“Buon giorno” was the greeting, him being Italian. I will bring a dish of water for the nice doggy, he looks thirsty.
“Yes please” Mario, we answered, and three spaghetti Bolognese please, but just two with a side salad.”
“Three, but you are only two” he asked with a shadow of doubt in his eyes.
Mario brought the three dishes and put them on the table. Donna hopped onto an empty chair at the table and started eating her dish of spaghetti. Luckily there was an extra serviette on a neighbouring table which we could wrap around her neck to stop her fur becoming soiled from the sauce. As we were sitting outside in the restaurant garden, she could bury the remainder that she did not eat under a tree. It was then that we noticed another dog eyeing Donna from the kitchen of the restaurant. More a mixture of every canine that walked on four legs, than a pure bred, but he ran over to where Donna was and started digging up what she had buried and eating it.
“Bad dog” called Mario “Sorry” he added “but my dog, Alfredo, just cannot see food going to waste. He prefers ravioli, but is also very partial to spaghetti”. It was then that Donna and Alfredo disappeared behind the tree. I thought probably Alfredo was showing Donna where he buries his left over ravioli.
A few weeks later we again visited the vet to see how Donna was getting on with her new food. We did not actually tell the vet that she was now a carbohydrate dog, we just said she was now eating well.
“Yes” he said “she is now looking much better, although I noticed she is becoming a little overweight.”
“You mean she is eating too much”
“Oh, no, nothing to worry about, I expect her puppies will be born in a few weeks. Just come along again at the next appointment and we will see how she is getting on.”
We were surprised and seven weeks later Donna was the proud mother of six puppies, four looked just like their mother but the other two had a striking resemblance to Mario’s dog. We were now regular customers at Mario’s restaurant and he said he would take over two of the puppies. He always wanted a white poodle.
So now we are quite good customers at the Italian food stores in town. We have to make sure that our supply of spaghetti and also now ravioli, is maintained. We kept the four remaining puppies. It is difficult to find someone to adopt puppies that only live on spaghetti (and ravioli).
The name Scintilla rang many bells in my head. Of course it is the Italian word for “spark” but for me it has another meaning. It was the place where I saw and met Mr. Swiss 50+ years ago, I was already in Switzerland, in Zürich, and decided to search for another job. I happened to be on the phone to my mum in London, England, and she said she saw a job advertised in the english newspaper for Switzerland in a place called Zuchwil, near the town of Solothurn. I think mum never forgave herself for telling me. It was for a Robert Bosh Company subsidiary, called Scintilla. They always had an english secretary there, and so I called them, paid them a visit and yes, I got the job. That was the main reason why I stayed in Switzerland and moved to Solothurn from Zürich.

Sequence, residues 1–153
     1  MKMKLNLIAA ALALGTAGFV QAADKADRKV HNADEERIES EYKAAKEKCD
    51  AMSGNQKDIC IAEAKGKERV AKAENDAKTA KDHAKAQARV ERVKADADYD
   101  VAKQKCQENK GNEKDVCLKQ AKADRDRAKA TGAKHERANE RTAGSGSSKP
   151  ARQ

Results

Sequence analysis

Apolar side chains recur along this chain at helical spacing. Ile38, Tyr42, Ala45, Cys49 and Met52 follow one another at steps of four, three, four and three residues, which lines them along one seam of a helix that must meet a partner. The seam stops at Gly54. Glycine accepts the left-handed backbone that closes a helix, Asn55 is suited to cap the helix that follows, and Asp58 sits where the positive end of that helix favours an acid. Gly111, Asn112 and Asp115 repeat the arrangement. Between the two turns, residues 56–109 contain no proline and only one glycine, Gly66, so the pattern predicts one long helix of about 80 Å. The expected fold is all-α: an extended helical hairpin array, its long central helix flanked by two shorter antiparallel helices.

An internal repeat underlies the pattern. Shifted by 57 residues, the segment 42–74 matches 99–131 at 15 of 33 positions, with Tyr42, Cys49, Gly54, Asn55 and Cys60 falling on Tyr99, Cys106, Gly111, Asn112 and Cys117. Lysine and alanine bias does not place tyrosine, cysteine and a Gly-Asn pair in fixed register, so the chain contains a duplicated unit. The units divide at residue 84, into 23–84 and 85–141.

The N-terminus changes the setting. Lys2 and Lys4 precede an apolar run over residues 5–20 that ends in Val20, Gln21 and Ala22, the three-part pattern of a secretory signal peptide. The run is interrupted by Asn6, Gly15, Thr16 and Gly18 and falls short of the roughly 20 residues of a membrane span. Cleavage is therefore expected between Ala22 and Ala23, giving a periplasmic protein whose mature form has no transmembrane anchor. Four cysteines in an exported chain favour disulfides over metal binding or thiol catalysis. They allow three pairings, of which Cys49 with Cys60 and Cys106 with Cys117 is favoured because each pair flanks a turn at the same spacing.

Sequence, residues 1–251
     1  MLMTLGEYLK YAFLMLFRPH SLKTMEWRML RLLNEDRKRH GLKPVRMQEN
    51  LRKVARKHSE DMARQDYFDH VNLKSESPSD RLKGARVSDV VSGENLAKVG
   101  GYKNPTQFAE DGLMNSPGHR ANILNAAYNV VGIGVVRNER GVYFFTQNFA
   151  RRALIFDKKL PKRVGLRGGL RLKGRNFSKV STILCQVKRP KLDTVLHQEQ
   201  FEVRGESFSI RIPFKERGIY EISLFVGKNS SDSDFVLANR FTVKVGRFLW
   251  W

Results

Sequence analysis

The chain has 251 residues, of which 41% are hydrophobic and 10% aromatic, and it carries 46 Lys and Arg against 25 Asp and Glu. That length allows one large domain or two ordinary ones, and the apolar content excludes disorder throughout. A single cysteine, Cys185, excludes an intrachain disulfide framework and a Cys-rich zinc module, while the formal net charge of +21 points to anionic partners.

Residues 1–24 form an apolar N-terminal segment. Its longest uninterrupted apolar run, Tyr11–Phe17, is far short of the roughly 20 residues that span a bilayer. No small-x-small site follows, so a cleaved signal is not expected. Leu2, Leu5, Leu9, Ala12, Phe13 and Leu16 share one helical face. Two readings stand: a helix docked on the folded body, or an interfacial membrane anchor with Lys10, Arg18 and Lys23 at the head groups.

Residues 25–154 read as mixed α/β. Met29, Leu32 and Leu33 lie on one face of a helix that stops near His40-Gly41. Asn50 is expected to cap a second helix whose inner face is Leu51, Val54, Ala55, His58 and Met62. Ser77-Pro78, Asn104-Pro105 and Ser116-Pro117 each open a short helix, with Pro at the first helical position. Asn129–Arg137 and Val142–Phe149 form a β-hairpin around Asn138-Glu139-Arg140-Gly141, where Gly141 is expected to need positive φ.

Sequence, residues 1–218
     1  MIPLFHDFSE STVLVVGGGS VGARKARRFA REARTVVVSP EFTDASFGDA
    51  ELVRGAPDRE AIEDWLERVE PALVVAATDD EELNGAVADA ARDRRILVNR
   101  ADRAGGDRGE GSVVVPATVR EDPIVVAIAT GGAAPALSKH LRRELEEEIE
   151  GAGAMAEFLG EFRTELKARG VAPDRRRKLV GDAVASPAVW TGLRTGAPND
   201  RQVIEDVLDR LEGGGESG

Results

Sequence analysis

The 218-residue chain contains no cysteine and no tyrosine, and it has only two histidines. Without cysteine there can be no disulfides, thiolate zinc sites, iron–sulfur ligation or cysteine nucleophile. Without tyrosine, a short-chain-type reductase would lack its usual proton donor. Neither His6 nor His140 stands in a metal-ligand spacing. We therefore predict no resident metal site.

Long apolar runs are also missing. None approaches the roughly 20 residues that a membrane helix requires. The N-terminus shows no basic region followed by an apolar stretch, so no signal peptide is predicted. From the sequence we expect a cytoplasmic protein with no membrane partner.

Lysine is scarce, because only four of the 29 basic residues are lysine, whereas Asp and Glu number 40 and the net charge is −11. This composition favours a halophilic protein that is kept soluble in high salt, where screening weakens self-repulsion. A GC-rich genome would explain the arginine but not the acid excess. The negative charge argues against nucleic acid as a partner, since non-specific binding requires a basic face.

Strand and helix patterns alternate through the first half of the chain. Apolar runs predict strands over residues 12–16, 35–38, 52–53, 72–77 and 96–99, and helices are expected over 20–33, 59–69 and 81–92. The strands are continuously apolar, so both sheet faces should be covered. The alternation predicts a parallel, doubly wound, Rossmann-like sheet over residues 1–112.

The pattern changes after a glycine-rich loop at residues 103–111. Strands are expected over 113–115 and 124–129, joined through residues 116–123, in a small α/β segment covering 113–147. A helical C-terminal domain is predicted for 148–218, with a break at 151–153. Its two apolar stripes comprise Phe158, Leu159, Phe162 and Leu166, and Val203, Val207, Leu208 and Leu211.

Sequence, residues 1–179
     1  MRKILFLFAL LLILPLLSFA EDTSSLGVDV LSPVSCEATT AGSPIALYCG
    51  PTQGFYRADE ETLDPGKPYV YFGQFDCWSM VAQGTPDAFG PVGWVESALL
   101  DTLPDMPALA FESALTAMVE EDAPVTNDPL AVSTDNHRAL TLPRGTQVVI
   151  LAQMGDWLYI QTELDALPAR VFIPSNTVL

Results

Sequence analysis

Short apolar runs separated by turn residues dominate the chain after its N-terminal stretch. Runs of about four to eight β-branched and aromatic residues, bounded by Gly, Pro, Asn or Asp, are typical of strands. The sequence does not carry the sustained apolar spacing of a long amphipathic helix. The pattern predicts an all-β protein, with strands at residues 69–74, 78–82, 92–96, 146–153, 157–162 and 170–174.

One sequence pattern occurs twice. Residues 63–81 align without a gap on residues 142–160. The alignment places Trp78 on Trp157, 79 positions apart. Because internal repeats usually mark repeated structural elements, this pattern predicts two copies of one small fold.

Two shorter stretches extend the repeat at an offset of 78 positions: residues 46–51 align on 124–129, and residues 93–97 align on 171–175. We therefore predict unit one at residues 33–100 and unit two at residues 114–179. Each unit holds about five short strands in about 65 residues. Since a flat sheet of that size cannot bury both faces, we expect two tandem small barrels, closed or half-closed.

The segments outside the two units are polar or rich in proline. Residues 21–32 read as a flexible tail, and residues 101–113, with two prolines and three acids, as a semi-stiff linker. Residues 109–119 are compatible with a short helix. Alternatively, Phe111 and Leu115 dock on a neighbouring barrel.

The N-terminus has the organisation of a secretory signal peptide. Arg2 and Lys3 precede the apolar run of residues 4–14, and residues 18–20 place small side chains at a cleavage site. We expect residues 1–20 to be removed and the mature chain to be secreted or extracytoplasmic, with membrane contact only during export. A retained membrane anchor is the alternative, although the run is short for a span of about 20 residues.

I worked for the Scintilla for a few years, met Mr. Swiss, we got married and I left my job because I had a baby bump. It is now many years later, but the Scintilla still exists. They made a range of vacuum cleaners for a Swiss store but their main product was drills and jigsaws. They introduced a range of saws that would fit different types of drill products. It was my job to handle the english correspondence for the whole company. They were the days where stenography was still needed. As a sideline I proof read the english translations of the operation manuals.
However the company Scintilla had existed for many years, since 1917. It was when Charles Lindbergh did his famous flight across the Atlantic that their fame was established. Lindbergh needed a magneto for is aircraft, The spirit of St. Louis, but was having problems as they were exploding. It was then that the company Scintilla in the little village of Zuchwil produced the Vertex Magnetos which were found to be the ideal solution. And so the Scintilla became famous for it magnetos, thanks to Charles Lindbergh, and you can still see an example of that magneto if you visit the company.
The building is still there but has now mainly been rented out to other companies, although a small part is still Scintilla.